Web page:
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FIC: Gov’t should not use GEOs to amend fundamental legislation without real and structured consultation with the business environment

The Foreign Investors Council (FIC) is overwhelmed by the way in which decision-makers, and especially the Government, are addressing important decisions that affect the business environment and the Romanian society in general, a release posted on the council’s website reads.

The Government is creating an undue sentiment that the economy is facing unprecedented risks which need to be addressed with legislation adopted at lightning speeds and without any proper consultation. Not only is the business community faced with a constant number of Emergency Ordinances but the time allowed to study and understand their impact before adoption has been reduced below the bare minimum.

Official data show a certain level of macroeconomic stability and thus we see no reason for legislating in such a hurry. Even if there are concerns regarding the deficit, inflation or workforce shortage the economy is well within normal parameters and should be treated as such.

Therefore, we believe that for the good functioning of the economy, the Romanian Government should not use the Emergency Ordinances (OuG – GEOs) procedure for amending fundamental legislation, and especially without a real and structured consultation with the business environment and other stakeholders, the release reads.

Legislative changes, even if they are in the governing program, cannot be done in this way, not even with the argument that the changes are useful to the business environment because they do not fulfil two key elements: transparency and predictability. OuGs, like any legislative initiative, need a consultation period, a period of understanding the mechanisms that will change and a minimum assessment of implementation efforts. That is why the legislative framework and good practice provide for a period of between 10 to 30 days of consultation and even this is not enough for complex projects. In recent months the Government has managed to shrink this period down to 24-72 hours.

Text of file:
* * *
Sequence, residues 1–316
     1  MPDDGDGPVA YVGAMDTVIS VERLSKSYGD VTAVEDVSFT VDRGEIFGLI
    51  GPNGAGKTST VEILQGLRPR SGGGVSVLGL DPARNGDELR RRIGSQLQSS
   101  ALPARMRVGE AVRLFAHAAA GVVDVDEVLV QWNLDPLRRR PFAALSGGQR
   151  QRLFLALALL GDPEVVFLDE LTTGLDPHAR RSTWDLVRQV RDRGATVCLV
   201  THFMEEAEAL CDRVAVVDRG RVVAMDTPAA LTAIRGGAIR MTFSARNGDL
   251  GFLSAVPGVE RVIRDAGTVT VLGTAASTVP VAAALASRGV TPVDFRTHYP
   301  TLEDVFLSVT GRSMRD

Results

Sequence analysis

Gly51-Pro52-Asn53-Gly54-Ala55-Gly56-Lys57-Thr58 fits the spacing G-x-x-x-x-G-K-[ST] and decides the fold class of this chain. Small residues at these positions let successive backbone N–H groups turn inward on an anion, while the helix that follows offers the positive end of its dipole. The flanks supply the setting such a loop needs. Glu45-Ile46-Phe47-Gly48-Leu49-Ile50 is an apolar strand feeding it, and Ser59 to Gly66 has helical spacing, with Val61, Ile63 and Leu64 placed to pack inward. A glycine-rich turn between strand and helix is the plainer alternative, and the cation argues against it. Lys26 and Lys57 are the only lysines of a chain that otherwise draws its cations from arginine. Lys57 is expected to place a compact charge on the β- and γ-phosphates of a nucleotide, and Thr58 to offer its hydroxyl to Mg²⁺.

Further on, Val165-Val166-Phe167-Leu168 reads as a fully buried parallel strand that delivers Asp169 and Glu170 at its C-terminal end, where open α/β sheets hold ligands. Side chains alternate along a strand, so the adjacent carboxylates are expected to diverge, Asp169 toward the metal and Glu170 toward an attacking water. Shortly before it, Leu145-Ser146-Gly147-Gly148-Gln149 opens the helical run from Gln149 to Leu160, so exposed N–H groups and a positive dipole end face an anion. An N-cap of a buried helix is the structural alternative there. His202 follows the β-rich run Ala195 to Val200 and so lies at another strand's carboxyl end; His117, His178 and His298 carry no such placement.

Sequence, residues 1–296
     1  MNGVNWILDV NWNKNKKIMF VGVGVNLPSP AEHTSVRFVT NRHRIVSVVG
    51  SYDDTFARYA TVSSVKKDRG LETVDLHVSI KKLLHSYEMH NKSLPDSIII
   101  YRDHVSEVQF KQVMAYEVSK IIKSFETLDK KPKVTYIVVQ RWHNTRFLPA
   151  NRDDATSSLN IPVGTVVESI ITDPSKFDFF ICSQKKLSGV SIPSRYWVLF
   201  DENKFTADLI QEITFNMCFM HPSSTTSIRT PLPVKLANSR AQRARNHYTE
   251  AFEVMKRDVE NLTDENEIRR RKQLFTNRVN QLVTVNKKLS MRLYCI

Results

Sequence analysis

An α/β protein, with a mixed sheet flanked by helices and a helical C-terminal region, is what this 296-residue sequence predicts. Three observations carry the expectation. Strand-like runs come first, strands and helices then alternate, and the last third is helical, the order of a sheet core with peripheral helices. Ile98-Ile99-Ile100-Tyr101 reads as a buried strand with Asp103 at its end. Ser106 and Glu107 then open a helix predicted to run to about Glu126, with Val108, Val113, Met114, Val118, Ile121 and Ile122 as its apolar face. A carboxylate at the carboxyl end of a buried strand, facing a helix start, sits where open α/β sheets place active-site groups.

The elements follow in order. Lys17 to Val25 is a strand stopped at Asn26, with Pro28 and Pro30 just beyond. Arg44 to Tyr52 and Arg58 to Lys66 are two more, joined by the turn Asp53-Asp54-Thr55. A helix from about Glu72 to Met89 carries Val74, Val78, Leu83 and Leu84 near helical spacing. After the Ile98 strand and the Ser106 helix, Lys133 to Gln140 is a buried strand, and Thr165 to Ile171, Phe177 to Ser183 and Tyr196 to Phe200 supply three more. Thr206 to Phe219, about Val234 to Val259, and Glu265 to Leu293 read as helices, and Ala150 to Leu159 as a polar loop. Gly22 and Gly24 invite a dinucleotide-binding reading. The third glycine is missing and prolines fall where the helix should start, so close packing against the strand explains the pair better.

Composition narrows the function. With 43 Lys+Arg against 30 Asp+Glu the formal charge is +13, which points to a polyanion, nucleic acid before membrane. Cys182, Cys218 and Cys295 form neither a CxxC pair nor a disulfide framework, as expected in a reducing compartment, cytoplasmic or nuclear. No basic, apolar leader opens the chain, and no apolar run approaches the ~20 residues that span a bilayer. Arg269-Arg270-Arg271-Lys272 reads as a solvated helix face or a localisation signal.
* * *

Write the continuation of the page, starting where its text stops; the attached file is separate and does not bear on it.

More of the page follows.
Just in past 12 months we have seen OuGs on subjects of utmost importance: transferring social contributions from employer to employee, public-private partnerships, salaries of staff paid out of public funds, budget rectification, public procurement, absorption of European Funds, insolvency law, Sovereign Fund for Investments and Development, Fiscal Code and Fiscal Procedure Code etc.

We consider that most of the measures adopted by the Government should take the form of draft laws that will then be debated in the Romanian Parliament. Such a law-making process, using Parliament’s rightful role, will produce laws that are better suited to the real economy and more stable over time. This approach would provide more opportunities for consultation of relevant parties either when promoted by the Government or in parliamentary debates.

We invite the Government and the Prime Minister to a wide-ranging debate on the quality of law-making in Romania and the dialogue with the business environment. FIC is ready to contribute to this debate. It can only be to Romania’s benefit if consultations are carried out in a formal and transparent way and with technical arguments. FIC members are available to discuss and share their opinion on any measure from the governing program or any policy which the Government deems necessary, the FIC release concludes.

 

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